Please sing this song, prominently featured in Ice Age, while you read this post.
(woah, tangent: music video is delightfully weird)
Ahem. Guys, we are deep in the throes of PACKING. Hardcore. And feeling all the feels that come with packing up all your earthly belongings in cardboard. The other night I had to apologize to Paul for kind of losing it over something small because my inner peace was being assaulted by the disorder and chaos surrounding me. While I have done this before, I’ve never done it with KIDS. And let me tell you, folks: game changer.
Kids multiply the the amount of stuff you have by TONS. Now I know why my parents still have some of my things packed away in their house (things they are itching to give back to me once we have more storage space). Also, I now have a lovely inner conflict that shows up whenever I want to throw stuff away that’s related to my kids: will they wish I had saved it? Will I forget about this fleeting moment in their development because I threw away this thing which will conjure a memory?
I’ve decided, however, that I’m not going to obsess over what I choose to save and document. Other than what’s important for everyone’s health and well-being, I’ve given myself Permission to Throw It Away. This relates to the previously granted Permission to Not Take a Picture and Permission to Leave It Undocumented.
That last one came about when Dominic was a teeny baby. I was stressing about not filling in all the lines in his baby book…milestones like “first smile.” I didn’t remember when he smiled his first smile?!? What kind of horrible mother am I?? So I talked myself down and reminded myself that the empty lines in the baby book are totally arbitrary and I was allowed to leave them blank. Now my second kid doesn’t even have a baby book. Progress.
The permissions to Throw It Away and Not Take a Picture have come about more recently. I decided that, since we’re all going to die someday, I didn’t have to worry about perfectly capturing every childhood moment and milestone. Someday we’ll all go to our eternal reward and it won’t matter one iota how many pictures I took of my kids and how beautifully they were then placed in chronologically appropriate scrapbooks alongside the Walk Down Vaccine Memory Lane complete with the band-aid that lovingly covered each shot.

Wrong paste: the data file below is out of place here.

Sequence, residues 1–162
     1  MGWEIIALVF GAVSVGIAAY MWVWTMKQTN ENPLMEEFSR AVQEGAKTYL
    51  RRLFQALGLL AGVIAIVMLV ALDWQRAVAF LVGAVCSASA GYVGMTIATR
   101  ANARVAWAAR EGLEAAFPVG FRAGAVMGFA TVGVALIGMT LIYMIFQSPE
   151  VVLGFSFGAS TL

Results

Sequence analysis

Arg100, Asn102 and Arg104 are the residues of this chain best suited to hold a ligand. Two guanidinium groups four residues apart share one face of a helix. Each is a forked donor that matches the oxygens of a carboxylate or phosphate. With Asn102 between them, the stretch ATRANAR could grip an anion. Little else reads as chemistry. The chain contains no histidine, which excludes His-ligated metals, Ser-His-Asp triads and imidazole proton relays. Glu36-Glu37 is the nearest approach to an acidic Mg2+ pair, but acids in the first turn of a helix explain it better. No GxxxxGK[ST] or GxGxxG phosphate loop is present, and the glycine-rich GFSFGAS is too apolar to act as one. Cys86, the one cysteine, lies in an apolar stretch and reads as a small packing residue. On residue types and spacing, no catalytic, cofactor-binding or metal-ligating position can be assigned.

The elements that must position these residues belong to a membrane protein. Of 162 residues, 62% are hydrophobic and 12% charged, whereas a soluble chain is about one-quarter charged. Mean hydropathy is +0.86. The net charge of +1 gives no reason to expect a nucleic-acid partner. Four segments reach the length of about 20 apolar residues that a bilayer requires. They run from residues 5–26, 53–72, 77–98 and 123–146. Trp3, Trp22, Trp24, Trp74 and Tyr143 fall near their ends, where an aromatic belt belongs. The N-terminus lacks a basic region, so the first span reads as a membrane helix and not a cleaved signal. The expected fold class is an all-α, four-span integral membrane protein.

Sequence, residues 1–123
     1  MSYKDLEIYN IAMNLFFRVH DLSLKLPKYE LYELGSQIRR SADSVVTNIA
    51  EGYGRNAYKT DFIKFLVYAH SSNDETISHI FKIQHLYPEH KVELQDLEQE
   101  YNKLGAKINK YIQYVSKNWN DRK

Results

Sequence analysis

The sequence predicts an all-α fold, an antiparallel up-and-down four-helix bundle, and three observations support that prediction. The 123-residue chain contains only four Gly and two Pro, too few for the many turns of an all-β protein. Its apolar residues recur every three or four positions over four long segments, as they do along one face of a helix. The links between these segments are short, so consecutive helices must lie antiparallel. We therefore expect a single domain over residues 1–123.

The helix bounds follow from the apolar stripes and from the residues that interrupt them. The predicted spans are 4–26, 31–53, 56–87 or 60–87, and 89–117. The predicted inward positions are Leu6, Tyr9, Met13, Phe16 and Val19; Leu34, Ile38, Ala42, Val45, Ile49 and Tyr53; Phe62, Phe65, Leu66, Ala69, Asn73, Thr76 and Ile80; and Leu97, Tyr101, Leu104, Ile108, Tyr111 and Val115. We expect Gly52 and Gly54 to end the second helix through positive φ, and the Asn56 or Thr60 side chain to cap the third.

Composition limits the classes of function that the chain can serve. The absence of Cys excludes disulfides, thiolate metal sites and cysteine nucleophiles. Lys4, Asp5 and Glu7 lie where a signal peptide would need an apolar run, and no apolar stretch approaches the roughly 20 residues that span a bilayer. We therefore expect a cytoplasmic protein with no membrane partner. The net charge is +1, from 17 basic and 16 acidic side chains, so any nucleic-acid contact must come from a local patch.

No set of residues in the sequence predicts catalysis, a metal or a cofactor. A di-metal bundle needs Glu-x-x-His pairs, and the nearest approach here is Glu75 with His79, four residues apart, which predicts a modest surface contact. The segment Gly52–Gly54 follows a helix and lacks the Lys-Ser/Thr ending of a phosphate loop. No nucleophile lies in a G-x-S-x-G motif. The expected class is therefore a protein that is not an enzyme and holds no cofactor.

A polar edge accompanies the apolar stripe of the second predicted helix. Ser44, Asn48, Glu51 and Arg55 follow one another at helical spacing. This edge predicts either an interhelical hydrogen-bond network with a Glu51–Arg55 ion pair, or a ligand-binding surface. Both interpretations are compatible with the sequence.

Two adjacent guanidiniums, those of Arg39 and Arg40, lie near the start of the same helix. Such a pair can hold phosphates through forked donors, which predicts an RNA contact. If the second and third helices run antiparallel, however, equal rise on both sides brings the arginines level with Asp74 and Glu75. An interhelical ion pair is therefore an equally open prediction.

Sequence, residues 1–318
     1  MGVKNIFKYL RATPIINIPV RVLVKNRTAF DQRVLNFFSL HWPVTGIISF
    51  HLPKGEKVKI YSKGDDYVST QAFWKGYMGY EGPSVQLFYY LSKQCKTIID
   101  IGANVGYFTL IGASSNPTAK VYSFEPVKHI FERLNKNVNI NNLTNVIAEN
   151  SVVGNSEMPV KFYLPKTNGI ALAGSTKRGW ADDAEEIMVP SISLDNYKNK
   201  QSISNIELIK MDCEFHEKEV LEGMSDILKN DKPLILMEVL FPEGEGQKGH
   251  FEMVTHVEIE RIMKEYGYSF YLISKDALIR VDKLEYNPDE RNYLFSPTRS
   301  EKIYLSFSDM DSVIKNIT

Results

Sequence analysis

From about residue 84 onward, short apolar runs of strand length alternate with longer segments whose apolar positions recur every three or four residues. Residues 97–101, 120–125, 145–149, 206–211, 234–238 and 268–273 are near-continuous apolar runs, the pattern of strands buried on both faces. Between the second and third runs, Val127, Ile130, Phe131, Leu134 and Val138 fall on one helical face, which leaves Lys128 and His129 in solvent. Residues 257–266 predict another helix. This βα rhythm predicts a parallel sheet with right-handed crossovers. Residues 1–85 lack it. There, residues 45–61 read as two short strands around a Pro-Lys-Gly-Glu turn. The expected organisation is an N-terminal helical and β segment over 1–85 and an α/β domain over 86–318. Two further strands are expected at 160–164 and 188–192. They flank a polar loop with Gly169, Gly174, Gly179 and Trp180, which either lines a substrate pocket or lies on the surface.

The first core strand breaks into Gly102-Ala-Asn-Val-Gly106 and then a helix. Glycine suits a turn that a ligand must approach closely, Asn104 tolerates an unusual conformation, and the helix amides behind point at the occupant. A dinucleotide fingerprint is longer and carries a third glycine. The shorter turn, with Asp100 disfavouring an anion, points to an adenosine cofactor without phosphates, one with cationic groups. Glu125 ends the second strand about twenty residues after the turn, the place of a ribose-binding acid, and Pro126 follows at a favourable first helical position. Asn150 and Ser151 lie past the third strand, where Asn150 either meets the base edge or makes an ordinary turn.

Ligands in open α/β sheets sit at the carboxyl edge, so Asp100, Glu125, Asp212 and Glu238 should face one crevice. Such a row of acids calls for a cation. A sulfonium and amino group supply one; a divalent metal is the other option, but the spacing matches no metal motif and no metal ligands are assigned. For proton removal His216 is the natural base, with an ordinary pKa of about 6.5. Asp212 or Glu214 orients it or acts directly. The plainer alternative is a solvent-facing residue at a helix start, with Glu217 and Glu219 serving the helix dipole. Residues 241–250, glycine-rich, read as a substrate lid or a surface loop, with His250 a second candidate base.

I’m not bad-mouthing people who are good at scrapbooking and documenting. Some people do these things beautifully and truly enjoy them as hobbies. For me, it was about coming to terms with what I enjoy and consider life-giving. Documenting things stresses me out. I know everyone’s name and their respective health histories; I consider that what’s necessary.
As we go along our way in life, we have to pick our battles, including what battles we’re going to fight within ourselves. If I don’t want to do something that truly isn’t necessary, I’m not going to make myself do it – just because other people like doing it or because there are a million creative ways to do it on Pinterest.
And now I’ve blogged it, so you know I mean it. Here’s to not having a complex about the unnecessary things! Now I can focus on not losing my cool as I navigate this cardboard jungle for the next few days.